Why You're Getting Out LBW | Cricket coaching, fitness and tips

Why You're Getting Out LBW

LBW always seems a bit unfair. You are sure it was sliding down the leg side, but when you look up the umpire's finger is slowly raising.

 

Your team mates console you by telling you it was a shocker and you can't get the umpires these days. Deep in your heart you wonder why it keeps happening to you more than anyone else. You know its not likely that a whole series of umpires have bad eyesight or are looking to get off the pitch early because it's getting late.

Maybe it's you.

 

Maybe you are the classic "big candidate". (As my team calls the players who look like they are going to get out LBW.)

Yeah, so why am I getting out LBW?

First, we need to establish if there is a problem at all.

If you have got out three times in a row to LBW then the red warning light is flashing, but we are not at full troubleshooting mode yet. It may be no fault of your own. You might get a bad decision, followed by a brilliant fast inswinging yorker and then a lazy shot: Three different reasons and only one in your control.

So, let's make sure there is a pattern first.

Ask yourself: Are you getting out in the same way repeatedly? For example, early on when the ball is swinging but the pace is gentle are you still getting trapped? That's a trend that needs further examination.

I'm sure it's more than bad luck, what's happening?

The first thing I look for in the LBW candidate is "falling over".

What does that mean?

Simply, you are strong on the off side, especially on the cover drive, so you always have half an eye on playing that shot. It's sensible, it's a strong area.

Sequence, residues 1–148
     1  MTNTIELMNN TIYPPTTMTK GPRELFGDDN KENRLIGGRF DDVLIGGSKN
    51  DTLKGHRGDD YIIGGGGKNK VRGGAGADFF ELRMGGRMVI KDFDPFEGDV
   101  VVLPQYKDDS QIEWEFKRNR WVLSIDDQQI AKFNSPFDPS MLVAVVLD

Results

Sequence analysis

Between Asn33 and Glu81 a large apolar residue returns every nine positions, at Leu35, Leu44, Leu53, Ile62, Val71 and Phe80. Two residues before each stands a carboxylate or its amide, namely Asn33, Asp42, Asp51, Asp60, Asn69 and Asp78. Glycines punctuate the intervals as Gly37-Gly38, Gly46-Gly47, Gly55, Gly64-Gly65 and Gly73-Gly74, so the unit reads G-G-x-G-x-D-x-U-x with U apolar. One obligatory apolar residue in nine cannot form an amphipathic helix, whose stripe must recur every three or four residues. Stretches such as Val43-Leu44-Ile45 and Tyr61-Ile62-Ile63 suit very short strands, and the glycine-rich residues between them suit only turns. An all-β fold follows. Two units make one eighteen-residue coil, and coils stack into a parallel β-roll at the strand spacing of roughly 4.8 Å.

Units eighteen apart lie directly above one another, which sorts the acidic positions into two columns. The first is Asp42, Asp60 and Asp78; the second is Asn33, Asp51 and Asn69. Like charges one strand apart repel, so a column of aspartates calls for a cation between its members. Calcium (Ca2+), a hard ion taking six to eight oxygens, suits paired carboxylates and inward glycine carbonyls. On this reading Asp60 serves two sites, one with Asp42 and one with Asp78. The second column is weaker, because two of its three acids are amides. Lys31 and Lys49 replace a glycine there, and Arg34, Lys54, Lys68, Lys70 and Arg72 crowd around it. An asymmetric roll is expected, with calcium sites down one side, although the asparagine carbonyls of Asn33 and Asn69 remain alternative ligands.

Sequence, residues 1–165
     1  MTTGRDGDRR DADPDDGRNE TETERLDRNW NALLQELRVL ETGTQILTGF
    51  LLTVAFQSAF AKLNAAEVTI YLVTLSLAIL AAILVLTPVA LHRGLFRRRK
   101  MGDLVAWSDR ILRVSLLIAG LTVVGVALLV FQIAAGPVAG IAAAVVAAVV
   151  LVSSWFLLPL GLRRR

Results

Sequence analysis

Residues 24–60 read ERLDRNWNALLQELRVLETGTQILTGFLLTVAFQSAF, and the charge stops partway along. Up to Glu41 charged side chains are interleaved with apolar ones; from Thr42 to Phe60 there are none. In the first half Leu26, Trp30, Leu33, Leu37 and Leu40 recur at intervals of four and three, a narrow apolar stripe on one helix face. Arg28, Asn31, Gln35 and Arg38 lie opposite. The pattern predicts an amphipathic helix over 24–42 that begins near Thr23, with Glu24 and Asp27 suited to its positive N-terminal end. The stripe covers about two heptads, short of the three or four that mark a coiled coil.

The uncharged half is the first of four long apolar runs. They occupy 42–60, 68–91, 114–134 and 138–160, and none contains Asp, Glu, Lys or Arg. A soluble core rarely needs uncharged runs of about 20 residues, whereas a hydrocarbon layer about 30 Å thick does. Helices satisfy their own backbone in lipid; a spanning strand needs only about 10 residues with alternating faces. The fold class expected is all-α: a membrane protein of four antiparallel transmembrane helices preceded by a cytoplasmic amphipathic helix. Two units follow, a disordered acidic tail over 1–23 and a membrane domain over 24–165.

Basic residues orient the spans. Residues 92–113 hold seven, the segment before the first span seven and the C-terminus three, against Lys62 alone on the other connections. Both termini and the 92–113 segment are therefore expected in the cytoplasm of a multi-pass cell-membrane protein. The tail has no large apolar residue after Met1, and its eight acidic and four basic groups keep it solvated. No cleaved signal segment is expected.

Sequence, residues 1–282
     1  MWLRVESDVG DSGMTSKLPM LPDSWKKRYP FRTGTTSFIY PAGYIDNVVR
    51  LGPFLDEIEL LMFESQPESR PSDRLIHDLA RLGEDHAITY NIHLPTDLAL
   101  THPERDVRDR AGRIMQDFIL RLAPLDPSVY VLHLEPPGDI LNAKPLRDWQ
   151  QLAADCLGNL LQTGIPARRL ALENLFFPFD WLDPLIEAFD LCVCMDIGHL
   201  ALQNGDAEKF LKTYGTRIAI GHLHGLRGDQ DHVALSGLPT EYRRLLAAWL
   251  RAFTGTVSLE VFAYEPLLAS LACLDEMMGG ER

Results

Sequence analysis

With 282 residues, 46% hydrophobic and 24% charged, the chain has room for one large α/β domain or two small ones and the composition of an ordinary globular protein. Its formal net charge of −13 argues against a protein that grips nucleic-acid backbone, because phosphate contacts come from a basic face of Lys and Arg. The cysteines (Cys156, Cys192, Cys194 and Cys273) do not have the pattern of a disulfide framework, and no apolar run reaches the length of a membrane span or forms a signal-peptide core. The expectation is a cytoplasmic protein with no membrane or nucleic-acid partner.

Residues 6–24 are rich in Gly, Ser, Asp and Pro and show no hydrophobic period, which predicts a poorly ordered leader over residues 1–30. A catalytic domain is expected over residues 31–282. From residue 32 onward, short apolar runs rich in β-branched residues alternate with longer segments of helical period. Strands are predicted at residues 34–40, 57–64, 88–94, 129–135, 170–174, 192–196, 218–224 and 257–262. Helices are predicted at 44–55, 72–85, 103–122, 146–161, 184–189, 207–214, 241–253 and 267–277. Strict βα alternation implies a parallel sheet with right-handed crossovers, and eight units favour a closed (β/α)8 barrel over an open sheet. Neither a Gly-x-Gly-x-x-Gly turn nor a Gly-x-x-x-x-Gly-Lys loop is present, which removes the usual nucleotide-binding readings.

However, if you misjudge the ball and it's not a wide half volley you are in a bad position:

  • Your front foot is pointing to extra cover.
  • Your backlift goes behind your body (you can sometimes even see this in the stance).
  • Your head is leaning to the off side, sending your weight, and feet, towards extra cover.

One or more of these leads to you stepping in front of your stumps - sometimes called "planting" - and having to move your bat around your front leg. When you are too slow, the ball hits you dead in front.

The bottom line is that your balance is wrong.

OK. How do I get my balance right again?

Don't panic.

Some people can get away with balance that is a little off. Graeme Smith scored buckets of runs and always looked like he was about to be out LBW, even on two hundred!

However, assuming you are not doing as well as Smith, you can do a simple drill to correct your balance.

Face left arm bowling (for a right handed bat).

Open your stance a little to make sure both eyes are looking at the bowler then get on with it. You'll adapt as time goes on as you will be forced to play straighter and not through the covers.

There are a few ways you can do this:

  • Bowling machine set up for left arm bowling, ball swinging in.
  • Right arm around bowling, throwdowns or sidearm.
  • Left arm over bowling, throwdowns or sidearm.

This drill will allow you to work out your way of playing and adjust because it exaggerates your flaw so much you have to change to survive.

Give it a go over a few sessions and watch the difference it makes.

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